Strawberries may help keep ageing at bay

Researchers at the Salk Institute have just shown that a powerful antioxidant found in strawberries, called fisetin, may help reduce signs of ageing like physical and cognitive decline.

The Salk team studied a group of 3-month-old mice that were bred to naturally age faster than regular mice. For seven months, they fed some of the mice a daily dose of fisetin with their food, and then they gave another group the same food without the additive.

Over the course of the study, the mice were given a variety of activity and memory tests to measure any changes in their brains.

At the 10-month mark, the researchers found that the mice given the fisetin were just as frisky as they were when the study started. In fact, the showed no signs of ageing any faster, with no decline in their memory function and no increase in stress or inflammation in their brains.

But the mice that weren’t fed the supplement were in trouble. They struggled with all of the memory and activity tests and showed increased stress and inflammation in their brains.

Now, mice aren’t like you and I, but there are enough similarities for us to take a closer look at this remarkable compound – because there are a lot of factors fisetin may affect.

Just recently, I shared with you how compounds in strawberries could reduce your chances of developing oral cancer. And other researchers are looking at how fisetin’s effect on inflammation may reduce your chances of developing Alzheimer’s, cardiovascular disease, diabetes, obesity, pulmonary disease, and other kinds of cancer… which will all help to slowdown the ageing process.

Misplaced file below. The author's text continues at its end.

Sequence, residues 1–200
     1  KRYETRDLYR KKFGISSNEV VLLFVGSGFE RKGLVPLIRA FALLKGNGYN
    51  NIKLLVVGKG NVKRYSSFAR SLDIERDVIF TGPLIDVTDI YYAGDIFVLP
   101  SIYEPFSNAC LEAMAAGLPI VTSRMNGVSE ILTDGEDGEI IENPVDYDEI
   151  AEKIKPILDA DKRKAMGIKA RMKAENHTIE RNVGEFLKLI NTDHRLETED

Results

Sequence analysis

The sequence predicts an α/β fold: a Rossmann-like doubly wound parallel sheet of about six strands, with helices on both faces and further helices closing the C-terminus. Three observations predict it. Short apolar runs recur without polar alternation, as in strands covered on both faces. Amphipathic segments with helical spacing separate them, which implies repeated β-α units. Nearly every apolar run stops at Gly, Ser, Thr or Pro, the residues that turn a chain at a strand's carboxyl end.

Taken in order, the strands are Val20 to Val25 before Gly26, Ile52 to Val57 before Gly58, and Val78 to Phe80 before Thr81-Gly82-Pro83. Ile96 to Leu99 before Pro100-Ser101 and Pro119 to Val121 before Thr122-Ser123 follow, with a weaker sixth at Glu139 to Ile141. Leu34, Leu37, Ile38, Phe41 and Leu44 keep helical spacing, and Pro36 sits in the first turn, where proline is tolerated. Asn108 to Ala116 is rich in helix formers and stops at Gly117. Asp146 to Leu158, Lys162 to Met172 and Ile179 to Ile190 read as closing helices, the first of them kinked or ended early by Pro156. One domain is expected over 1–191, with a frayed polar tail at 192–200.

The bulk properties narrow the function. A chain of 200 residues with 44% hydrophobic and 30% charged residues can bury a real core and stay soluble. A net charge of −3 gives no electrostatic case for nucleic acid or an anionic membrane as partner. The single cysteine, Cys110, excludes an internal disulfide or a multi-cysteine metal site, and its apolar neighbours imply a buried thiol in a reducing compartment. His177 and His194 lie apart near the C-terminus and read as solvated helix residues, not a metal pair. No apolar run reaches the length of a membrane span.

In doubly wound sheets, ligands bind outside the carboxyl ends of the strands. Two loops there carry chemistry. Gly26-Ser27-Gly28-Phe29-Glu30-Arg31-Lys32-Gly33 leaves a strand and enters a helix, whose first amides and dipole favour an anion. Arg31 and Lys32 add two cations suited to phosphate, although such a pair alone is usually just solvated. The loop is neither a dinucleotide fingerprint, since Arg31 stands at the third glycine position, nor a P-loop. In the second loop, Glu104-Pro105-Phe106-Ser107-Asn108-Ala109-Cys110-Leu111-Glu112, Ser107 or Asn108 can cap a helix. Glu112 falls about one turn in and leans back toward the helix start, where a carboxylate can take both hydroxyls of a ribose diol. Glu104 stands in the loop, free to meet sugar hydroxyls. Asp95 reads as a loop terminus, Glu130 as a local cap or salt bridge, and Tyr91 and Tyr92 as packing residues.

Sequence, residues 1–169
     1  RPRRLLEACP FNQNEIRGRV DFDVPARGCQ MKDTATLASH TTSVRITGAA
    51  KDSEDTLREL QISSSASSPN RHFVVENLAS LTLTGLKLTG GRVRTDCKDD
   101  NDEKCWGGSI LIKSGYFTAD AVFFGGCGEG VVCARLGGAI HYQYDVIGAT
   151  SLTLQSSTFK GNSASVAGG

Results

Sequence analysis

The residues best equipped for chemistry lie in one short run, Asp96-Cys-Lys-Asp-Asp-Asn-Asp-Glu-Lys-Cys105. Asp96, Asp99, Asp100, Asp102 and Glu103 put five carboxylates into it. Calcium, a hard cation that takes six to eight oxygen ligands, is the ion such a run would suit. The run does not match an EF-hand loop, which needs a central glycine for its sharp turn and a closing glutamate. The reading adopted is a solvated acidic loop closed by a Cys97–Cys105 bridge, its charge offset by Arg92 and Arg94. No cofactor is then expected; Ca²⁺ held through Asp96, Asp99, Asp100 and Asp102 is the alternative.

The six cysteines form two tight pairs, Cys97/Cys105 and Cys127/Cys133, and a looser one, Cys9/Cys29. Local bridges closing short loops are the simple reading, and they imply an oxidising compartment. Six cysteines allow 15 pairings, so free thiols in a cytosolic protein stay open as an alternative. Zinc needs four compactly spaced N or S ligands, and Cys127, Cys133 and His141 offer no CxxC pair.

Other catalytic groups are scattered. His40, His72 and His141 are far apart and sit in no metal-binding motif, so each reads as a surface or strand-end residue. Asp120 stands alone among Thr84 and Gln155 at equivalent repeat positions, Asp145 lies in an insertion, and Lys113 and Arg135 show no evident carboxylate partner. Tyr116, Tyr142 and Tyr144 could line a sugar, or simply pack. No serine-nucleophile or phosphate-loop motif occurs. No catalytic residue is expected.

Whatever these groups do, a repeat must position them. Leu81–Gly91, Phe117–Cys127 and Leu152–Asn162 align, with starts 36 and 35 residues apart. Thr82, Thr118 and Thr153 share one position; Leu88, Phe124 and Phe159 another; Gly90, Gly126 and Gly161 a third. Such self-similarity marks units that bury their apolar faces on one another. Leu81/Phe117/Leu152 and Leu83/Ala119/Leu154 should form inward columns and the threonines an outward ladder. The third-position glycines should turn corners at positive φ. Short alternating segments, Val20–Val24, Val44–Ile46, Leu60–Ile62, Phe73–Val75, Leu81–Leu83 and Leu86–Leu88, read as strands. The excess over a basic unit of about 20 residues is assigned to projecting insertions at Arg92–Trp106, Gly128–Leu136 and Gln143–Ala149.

And fisetin isn’t just found in strawberries. It’s also in mangoes, kiwis, and grapes, as well as tomatoes, onions, and cucumbers.

However, you would have to eat several pounds of them every day to get a dose big enough to boost your health.

But you can still enjoy those strawberries and other fruits and veggies without having to stuff yourself! (Just make sure they’re organic, since the berry topped this year’s “Dirty Dozen” list of foods with the highest amounts of pesticide residue.)

Fisetin supplements are reasonably priced and safe, but talk to your doctor about finding the right dosage for you, and make sure to confirm that they won’t interact with anything you’re already taking.

Wishing you the best of health,

Dr. Glenn S. Rothfeld
Nutrition & Healing

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